You don't put Judi Dench, Tom Wilkinson, Bill Nighy, and Maggie Smith into a film and not expect at least 3.5 stars from me. (Had they thrown in Jim Broadbent, I might have rated it 4 stars before I even saw it. I'm such a fanboy of these actors.)
And of course, they all exceed expectations here -- with special commendations to Nighy and Wilkinson. They're funny and tragic and sad and wise as a crew of retirees who end up at a retirement hotel in India ("for the elderly and beautiful") for various reasons and with varying results. The fact that young Dev Patel carves out his own character and makes a mark…
Beautifully observed and acted (you would expect nothing less with this cast) this is a wonderful comedy drama, with real character development and interaction (positive and negative, just like real life) throughout.
While it is nothing groundbreaking it features a fantastic cast who all act brilliantly, looks great in the setting in India, has a decent story and has plenty of laughs. The only other reservation I have about it is some parts of the score seemed to drown out the voice over parts.
Adorable pero no es para nada buena como podría haberlo sido, de hecho requirió mucha fuerza de voluntad para poder verla hasta el final.
This review reportedly contains spoilers. I can handle the truth.
Some really nice things in this film.
But in the end, it does not quite achieve what it could have.
The premise is wonderful - aging Brits go to India to retire.
The relationships are quite good. Some of the world's best actors are found in this film.
Yet, it doesn't quite fulfill its potential.
Especially disappointing: the cartoon-like characterization of the Dev Patel character.
I heard there's a sequel coming soon. I think I'll give that one a miss.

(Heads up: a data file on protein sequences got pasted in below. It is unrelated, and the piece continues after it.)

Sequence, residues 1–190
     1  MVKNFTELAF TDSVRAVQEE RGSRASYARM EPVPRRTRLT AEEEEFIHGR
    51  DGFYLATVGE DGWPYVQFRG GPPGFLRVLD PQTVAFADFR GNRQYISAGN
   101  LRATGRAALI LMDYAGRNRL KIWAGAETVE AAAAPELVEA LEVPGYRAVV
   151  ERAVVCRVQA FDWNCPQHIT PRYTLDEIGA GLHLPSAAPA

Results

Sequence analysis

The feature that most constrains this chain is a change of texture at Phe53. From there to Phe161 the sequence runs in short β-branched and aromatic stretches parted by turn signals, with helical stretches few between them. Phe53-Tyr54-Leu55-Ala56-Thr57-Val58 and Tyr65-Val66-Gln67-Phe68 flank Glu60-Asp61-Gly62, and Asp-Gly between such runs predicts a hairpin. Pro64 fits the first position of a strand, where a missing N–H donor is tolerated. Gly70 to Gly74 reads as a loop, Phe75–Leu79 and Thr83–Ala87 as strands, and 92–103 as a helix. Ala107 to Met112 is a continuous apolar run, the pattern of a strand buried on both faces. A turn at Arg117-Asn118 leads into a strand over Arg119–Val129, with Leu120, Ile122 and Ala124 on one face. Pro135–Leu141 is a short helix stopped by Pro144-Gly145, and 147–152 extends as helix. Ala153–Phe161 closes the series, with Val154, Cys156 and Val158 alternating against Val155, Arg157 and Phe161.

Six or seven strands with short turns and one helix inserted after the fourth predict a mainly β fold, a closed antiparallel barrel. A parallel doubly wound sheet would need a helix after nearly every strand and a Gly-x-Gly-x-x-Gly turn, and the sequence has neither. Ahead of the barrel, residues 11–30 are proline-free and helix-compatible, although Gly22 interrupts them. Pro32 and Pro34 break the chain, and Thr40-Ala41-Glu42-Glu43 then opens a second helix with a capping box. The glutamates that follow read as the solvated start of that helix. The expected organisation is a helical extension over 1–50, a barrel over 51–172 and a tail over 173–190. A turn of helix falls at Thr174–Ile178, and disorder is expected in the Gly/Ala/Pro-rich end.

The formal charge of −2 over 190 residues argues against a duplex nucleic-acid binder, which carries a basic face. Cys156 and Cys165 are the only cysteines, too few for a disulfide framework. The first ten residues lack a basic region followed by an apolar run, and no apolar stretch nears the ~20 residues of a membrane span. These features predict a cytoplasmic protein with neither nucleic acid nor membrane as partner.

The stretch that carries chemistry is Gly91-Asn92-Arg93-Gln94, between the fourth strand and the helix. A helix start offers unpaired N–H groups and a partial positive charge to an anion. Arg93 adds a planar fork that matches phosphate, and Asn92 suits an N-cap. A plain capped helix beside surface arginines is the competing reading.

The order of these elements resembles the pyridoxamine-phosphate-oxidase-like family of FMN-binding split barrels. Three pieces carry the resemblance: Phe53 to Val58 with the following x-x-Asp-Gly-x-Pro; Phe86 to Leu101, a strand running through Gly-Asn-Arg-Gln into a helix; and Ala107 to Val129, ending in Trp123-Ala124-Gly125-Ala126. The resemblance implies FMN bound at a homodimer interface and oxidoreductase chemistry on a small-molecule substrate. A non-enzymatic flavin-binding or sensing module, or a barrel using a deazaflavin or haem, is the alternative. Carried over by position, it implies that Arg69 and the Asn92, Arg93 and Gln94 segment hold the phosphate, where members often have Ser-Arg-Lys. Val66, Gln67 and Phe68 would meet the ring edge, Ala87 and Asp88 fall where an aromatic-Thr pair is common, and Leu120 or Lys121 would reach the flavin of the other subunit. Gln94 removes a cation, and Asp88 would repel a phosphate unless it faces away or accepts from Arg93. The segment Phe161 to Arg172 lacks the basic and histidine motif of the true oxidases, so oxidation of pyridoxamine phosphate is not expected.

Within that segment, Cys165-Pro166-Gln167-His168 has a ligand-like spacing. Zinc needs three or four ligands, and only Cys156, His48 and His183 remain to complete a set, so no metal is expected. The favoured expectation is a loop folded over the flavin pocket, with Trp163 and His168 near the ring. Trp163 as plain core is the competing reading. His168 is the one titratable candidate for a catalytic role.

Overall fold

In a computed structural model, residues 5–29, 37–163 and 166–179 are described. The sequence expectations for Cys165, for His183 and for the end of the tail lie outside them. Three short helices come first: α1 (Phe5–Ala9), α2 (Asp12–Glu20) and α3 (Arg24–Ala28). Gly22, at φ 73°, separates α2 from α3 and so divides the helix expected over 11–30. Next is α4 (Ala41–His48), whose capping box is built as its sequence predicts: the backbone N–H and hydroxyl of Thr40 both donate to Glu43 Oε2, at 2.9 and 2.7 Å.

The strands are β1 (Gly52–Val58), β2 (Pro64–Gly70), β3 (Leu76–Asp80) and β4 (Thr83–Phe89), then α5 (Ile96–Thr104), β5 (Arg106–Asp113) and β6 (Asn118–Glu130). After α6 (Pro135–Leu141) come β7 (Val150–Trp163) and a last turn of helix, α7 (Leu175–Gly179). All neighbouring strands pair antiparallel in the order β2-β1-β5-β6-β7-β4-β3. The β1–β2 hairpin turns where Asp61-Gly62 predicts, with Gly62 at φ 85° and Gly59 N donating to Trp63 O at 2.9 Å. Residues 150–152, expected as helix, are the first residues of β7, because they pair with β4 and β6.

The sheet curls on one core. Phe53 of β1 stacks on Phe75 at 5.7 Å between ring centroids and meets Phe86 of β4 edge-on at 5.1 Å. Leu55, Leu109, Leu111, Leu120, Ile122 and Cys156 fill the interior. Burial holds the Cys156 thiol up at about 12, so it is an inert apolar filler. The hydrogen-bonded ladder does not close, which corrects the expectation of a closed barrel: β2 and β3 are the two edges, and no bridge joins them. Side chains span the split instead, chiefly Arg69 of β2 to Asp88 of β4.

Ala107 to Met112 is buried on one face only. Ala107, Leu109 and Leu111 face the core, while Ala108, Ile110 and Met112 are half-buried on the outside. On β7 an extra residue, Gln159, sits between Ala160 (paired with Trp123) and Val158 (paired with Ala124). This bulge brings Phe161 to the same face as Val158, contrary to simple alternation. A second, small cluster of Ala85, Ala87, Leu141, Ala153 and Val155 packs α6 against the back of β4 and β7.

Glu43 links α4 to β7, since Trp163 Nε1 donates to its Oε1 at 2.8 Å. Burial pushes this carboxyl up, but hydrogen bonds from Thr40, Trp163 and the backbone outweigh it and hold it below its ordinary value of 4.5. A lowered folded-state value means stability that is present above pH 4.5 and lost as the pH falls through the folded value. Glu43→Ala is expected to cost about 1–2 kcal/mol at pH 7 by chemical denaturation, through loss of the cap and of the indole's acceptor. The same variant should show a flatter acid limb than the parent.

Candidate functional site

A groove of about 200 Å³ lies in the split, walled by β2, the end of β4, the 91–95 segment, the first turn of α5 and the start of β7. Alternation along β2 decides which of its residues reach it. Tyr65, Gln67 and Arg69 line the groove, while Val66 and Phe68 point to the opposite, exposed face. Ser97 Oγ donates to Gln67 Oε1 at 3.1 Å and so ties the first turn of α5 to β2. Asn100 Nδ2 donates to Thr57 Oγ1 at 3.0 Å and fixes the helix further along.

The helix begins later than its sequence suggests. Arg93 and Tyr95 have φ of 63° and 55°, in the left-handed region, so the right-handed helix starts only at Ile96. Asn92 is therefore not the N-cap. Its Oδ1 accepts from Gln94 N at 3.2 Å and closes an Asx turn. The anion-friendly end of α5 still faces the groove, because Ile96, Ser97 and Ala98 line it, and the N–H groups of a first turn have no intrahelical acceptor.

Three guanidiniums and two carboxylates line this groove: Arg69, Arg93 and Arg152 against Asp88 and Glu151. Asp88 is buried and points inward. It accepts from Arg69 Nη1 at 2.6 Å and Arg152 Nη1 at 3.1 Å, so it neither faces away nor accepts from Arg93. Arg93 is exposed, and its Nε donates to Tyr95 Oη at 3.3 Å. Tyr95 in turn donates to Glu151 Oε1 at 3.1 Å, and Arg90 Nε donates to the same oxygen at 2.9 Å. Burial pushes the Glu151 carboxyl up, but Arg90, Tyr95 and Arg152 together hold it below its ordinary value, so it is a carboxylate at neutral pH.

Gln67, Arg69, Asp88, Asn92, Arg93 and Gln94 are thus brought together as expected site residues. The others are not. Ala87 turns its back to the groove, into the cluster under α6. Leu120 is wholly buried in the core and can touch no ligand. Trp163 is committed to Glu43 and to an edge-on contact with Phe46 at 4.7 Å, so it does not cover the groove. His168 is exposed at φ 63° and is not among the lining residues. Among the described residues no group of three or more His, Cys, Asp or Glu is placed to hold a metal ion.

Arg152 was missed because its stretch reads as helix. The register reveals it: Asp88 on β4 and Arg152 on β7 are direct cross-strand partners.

Por regla general, los británicos tienen más idea de realizar comedias afables, pastelosas y que podría ver hasta tu abuela de derechas (lo que quiero decir es que la peli es bastante pocha para la portada que tiene)
Pero ni siquiera los british pueden convertir la mierda en chocolate.
P.D: Eso último no era un chiste racista.
Una reverenda gilipollez.
The Best Exotic Marigold Hotel is a delightfully funny fish-out-of-water comedy with a cast made up of the who's who of British acting royalty.
Judi Dench, Maggie Smith, Tom Wilkinson and Bill Nighy, to name a few, head up the cast that have a fun time and this really transpires to the audience.
Very funny and often quite touching, The Best Exotic Marigold Hotel is an example of the classic saying; 'Never judge a book by its cover'.
A delightfully sweet British comedy-drama directed by John Madden and written by Ol Parker will make laugh while enjoying the colourful settings in India. Based on the 2004 novel, These Foolish Things, by Deborah Moggach, the film features an extraordinary ensemble cast, with Judi Dench, Dev Patel, Celia Imrie, Bill Nighy, Ronald Pickup, Maggie Smith, Tom Wilkinson and Penelope Wilton, as a group of British retirees staying in an ancient retirement hotel in Jaipur.
The whole story was introduced by advertisements about the newly restored Marigold Hotel and given false dreams of a life of leisure. Of course, when they arrive at the hotel, they discover that the new environment is less luxurious than imagined... but that is where the…
Was für ein wundervoller Film!
Watched January 1, 2015
- Django Unchained
- The Wolf of Wall Street
- The Dark Knight
- 12 Years a Slave
- The Grand Budapest Hotel
- Gone Girl
- Edge of Tomorrow
Today marks the 5 year anniversary of awesomeness in my life. This list represents every movie my old lady (she…
- The Grey
- Mission: Impossible III
- The Prestige
What do you call someone with square tits? Blockbusters.
Juvenile (but funny) gags aside, what's this list I've done now…